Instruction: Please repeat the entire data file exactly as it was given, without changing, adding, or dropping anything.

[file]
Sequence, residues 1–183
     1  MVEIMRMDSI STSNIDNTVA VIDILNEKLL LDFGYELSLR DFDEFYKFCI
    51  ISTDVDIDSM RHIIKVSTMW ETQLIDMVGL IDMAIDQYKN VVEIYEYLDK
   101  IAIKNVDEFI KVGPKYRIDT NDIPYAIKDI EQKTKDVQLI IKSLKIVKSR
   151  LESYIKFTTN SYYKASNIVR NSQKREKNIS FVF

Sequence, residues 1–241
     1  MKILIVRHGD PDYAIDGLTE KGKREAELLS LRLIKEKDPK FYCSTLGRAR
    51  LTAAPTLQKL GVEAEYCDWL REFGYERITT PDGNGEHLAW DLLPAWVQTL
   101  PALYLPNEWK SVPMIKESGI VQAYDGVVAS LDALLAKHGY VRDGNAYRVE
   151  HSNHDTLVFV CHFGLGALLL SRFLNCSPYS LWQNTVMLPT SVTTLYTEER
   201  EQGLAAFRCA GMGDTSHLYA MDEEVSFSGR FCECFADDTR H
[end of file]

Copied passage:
Sequence, residues 1–183
     1  MVEIMRMDSI STSNIDNTVA VIDILNEKLL LDFGYELSLR DFDEFYKFCI
    51  ISTDVDIDSM RHIIKVSTMW ETQLIDMVGL IDMAIDQYKN VVEIYEYLDK
   101  IAIKNVDEFI KVGPKYRIDT NDIPYAIKDI EQKTKDVQLI IKSLKIVKSR
   151  LESYIKFTTN SYYKASNIVR NSQKREKNIS FVF

Sequence, residues 1–241
     1  MKILIVRHGD PDYAIDGLTE KGKREAELLS LRLIKEKDPK FYCSTLGRAR
    51  LTAAPTLQKL GVEAEYCDWL REFGYERITT PDGNGEHLAW DLLPAWVQTL
   101  PALYLPNEWK SVPMIKESGI VQAYDGVVAS LDALLAKHGY VRDGNAYRVE
   151  HSNHDTLVFV CHFGLGALLL SRFLNCSPYS LWQNTVMLPT SVTTLYTEER
   201  EQGLAAFRCA GMGDTSHLYA MDEEVSFSGR FCECFADDTR H